If about nothing else, perhaps the most common concerns the Michigan Department of Labor receives regular calls about has to do with state law regarding unpaid overtime. While Michigan law clearly establishes certain guidelines by which some employees are entitled to compensation for the time they work in excess of their regular workweek, for others it is more ambiguous.
An employee’s working of overtime is governed by Michigan State Statute, 408.384(a). In it, this law calls for mandatory compensation for overtime at a rate of one-and-a-half times the regular pay rate of an individual, provided they work in excess of 40 hours during any given workweek. That being said, exempt employees are still prohibited from receiving overtime pay.
In the second section of this same law, overtime guidelines specific to public service employees, including fire and law enforcement workers, are highlighted. Section (a) refers to those full time employee’s work period being 28 consecutive days or 216 hours. It states that not only should employees be paid their statutory minimum hourly rate, but that they too should be paid time-and-a-half for any hours worked in excess of 216.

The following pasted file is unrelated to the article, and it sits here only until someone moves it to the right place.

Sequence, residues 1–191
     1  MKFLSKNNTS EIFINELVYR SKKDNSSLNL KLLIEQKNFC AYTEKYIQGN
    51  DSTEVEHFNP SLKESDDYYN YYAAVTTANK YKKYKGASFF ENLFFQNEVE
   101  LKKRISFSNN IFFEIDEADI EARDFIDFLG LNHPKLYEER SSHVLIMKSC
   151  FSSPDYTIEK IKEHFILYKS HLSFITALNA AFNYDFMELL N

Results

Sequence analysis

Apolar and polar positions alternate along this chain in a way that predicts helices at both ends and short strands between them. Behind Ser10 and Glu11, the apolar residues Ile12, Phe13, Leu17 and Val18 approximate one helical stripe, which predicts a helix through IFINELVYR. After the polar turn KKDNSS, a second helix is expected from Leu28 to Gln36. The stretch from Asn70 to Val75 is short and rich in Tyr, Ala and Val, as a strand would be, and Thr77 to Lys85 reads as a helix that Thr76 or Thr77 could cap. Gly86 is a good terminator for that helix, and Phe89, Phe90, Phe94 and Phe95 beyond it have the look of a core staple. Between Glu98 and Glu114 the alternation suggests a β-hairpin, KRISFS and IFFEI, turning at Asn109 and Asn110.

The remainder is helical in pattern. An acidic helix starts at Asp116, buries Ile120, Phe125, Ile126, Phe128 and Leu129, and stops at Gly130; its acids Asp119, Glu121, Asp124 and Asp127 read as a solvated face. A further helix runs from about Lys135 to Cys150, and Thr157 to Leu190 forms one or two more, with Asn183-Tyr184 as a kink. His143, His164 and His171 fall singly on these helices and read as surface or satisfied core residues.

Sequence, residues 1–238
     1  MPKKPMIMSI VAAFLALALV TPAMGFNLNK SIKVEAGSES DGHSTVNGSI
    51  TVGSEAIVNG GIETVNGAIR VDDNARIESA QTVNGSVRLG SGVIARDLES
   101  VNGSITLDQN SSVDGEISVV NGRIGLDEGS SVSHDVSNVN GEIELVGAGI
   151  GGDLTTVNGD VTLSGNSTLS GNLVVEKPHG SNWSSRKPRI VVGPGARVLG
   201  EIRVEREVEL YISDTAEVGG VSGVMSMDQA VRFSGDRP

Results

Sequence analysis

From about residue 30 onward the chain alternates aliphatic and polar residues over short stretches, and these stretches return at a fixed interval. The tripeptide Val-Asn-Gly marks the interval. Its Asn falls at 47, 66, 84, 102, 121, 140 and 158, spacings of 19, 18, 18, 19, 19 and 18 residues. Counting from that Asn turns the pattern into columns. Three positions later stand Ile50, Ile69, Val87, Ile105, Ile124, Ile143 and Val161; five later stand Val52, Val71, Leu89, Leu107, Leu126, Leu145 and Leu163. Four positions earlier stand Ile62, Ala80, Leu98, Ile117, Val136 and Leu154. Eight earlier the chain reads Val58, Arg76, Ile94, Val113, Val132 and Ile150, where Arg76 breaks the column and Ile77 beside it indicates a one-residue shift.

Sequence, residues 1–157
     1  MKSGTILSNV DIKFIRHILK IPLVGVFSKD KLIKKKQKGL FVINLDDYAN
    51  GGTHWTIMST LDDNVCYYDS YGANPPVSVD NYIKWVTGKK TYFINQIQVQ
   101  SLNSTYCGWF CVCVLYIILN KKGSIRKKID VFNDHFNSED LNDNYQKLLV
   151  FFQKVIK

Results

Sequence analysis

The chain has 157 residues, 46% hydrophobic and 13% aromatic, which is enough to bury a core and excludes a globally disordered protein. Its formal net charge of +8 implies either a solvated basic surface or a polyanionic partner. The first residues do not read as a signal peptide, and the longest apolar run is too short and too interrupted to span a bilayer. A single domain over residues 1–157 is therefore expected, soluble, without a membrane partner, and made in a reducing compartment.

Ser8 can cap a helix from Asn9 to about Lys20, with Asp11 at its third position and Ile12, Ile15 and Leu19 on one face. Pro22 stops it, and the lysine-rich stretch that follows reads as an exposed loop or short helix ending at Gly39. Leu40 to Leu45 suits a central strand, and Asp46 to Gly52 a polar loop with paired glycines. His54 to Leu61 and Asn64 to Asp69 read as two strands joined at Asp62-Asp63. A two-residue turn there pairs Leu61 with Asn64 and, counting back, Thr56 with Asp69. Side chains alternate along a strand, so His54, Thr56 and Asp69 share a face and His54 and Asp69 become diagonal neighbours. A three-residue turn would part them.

When it comes to what is considered as the bare minimum per hour overtime pay rate under Michigan law, it currently stands at $11.10. Most workers qualify to be paid a minimum of this amount for overtime worked including all emergency personnel, manual laborers, nurses and paralegals.
At the same time, there are some types of workers that, under Section 13(a)(1) of the Fair Labor Standards Act, are automatically exempt from receiving overtime compensation. Independent contractors, household staff, those working in transportation, agricultural workers or farmhands and any executives or administrative personnel making earning at least $455 a week, as well as some working in certain IT industry jobs, are excluded.
State guidelines require claims for unpaid wages to be filed within 12 months of the violation. Minimum wage or overtime lawsuits must be submitted within three years. If you suspect that you qualify for overtime, yet compensation has gone unpaid, an employment rights attorney can help you learn more about your prospects for receiving compensation for your claim.
Source: Employment.Laws.com, “Michigan overtime laws,” accessed Jan. 05, 2017